Supporting parents after paediatric acquired brain injury: Evaluation of Stepping Stones Triple P combined with Acceptance and Commitment Therapy

Brown, Felicity Louise (2013). Supporting parents after paediatric acquired brain injury: Evaluation of Stepping Stones Triple P combined with Acceptance and Commitment Therapy PhD Thesis, School of Psychology, The University of Queensland.

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Author Brown, Felicity Louise
Thesis Title Supporting parents after paediatric acquired brain injury: Evaluation of Stepping Stones Triple P combined with Acceptance and Commitment Therapy
School, Centre or Institute School of Psychology
Institution The University of Queensland
Publication date 2013
Thesis type PhD Thesis
Supervisor Kate Sofronoff
Koa Whittingham
Roslyn Boyd
Lynne McKinlay
Total pages 210
Language eng
Subjects 1701 Psychology
Formatted abstract
Paediatric acquired brain injury (ABI) detrimentally impacts the child, parents, and entire family system. Increased rates of child behaviour difficulties, parent distress, and family dysfunction have been documented. However, there is a paucity of research investigating effective methods to support families following ABI. Since parents play an essential role in rehabilitation, and parent adjustment and child functioning are reciprocally related, this is a vital avenue for investigation. This thesis evaluates the use of an evidence-based behavioural family intervention, Group Stepping Stones Triple P (SSTP), plus an Acceptance and Commitment Therapy (ACT) workshop for parents of children with an ABI.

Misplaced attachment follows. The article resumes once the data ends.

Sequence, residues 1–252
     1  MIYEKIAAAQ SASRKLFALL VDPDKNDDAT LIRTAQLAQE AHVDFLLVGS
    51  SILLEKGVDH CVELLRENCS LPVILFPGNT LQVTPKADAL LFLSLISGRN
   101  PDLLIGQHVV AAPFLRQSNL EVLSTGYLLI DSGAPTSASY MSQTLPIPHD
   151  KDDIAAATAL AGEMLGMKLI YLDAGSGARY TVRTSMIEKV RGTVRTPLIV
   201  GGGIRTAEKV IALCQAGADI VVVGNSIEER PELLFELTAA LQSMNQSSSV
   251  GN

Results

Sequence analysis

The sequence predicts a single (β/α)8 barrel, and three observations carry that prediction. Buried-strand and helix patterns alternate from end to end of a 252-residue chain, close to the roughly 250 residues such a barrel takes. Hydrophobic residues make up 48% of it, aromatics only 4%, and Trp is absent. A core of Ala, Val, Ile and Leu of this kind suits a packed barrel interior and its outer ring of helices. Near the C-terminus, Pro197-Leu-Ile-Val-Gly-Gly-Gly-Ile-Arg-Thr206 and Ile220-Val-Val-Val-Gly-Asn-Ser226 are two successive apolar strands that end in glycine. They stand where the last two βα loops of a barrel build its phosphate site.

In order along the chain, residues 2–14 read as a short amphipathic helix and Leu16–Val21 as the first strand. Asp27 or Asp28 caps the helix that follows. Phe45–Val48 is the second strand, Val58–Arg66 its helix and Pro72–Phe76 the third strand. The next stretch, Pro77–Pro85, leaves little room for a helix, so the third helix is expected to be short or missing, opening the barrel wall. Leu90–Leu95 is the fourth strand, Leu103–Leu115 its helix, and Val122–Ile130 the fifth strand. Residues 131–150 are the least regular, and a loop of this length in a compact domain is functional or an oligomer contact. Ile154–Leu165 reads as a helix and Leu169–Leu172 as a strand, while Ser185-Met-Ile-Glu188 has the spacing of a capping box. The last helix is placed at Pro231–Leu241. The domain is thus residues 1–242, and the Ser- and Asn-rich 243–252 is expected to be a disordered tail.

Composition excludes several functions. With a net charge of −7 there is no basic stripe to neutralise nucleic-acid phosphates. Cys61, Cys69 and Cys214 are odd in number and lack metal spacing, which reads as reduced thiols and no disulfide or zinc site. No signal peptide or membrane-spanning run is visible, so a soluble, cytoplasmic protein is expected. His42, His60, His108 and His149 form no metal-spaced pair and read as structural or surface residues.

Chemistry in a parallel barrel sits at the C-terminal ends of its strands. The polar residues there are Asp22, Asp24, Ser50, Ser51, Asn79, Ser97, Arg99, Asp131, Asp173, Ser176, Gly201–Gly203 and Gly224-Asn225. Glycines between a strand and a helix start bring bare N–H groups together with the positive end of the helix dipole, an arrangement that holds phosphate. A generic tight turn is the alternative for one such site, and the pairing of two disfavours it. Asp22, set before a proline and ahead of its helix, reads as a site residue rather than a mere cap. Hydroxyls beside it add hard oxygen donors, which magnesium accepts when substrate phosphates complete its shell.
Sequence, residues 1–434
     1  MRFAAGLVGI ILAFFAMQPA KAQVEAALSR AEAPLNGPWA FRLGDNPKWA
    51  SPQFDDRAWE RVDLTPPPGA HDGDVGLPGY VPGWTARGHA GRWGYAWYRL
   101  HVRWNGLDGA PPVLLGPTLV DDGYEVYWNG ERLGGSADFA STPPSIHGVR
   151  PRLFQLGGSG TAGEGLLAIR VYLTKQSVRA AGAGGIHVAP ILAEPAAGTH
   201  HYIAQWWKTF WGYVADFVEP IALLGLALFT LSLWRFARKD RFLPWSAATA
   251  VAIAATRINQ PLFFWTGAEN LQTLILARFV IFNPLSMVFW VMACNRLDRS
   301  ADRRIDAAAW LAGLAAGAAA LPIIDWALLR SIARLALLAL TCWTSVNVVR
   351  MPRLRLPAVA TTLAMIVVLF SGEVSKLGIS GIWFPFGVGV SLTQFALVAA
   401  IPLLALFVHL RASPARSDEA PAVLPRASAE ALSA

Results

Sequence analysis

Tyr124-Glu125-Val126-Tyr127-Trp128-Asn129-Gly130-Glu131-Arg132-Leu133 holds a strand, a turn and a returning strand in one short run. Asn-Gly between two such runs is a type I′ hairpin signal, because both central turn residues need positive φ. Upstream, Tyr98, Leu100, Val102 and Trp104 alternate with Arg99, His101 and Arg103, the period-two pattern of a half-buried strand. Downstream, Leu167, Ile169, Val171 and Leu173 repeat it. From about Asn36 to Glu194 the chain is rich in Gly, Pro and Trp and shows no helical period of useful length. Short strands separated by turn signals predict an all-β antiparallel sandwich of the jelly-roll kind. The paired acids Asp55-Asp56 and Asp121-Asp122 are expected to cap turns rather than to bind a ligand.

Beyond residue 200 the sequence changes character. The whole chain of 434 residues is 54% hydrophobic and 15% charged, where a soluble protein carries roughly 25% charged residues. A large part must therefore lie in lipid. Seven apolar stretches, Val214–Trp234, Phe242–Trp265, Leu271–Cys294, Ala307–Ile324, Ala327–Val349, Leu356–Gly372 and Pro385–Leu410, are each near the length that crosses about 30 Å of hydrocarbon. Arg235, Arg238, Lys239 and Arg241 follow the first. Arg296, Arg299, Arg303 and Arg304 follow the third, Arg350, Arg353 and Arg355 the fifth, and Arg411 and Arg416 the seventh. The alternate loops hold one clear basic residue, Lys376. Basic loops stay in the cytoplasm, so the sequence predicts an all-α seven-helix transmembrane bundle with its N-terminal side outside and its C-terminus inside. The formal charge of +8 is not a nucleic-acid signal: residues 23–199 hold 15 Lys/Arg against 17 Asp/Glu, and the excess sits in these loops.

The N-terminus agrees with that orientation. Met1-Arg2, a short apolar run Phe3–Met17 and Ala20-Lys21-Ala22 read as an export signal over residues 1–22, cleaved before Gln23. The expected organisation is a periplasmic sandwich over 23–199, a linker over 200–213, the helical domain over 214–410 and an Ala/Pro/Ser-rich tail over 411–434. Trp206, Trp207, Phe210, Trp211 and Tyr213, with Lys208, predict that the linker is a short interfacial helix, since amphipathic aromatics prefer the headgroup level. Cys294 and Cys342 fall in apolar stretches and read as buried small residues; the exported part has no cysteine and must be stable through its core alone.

Firstly, the rationale for studies contained in this thesis will be provided through a brief review of pertinent issues relating to paediatric ABI, interventions trialed to date, and a description and review of the evidence for the interventions used in this project.

Secondly, a paper published in Brain Injury will detail a qualitative inquiry with parents and health professionals to explore the experiences, challenges, and support needs of parents of children with ABI. Thematic analysis indicated that parents experienced a range of intense and persistent emotions and relationship difficulties, and commonly used coping styles of disengagement and avoidance, each of which could pose further challenges to the parenting role. Parents also felt isolated, with a distinct lack of support and information. It is therefore suggested that intervention research focus not only on rehabilitation programs for the child, but also on providing information, skills, and support to parents in managing their child’s behaviour, and their own emotions and stress.

Next, a systematic review published in Journal of Head Trauma Rehabilitation reports on the efficacy of parenting interventions on child and parent behavioral and emotional outcomes in paediatric ABI. Eight eligible papers were identified, reporting on six trials of interventions involving parent training. Only one pre-post study trialed a version of a traditional, evidence-based parenting intervention. While remaining trials successfully implemented multi-component interventions including behaviour management, this review highlights the need for further quality trials assessing the unique effectiveness of evidence-based parenting interventions in this population.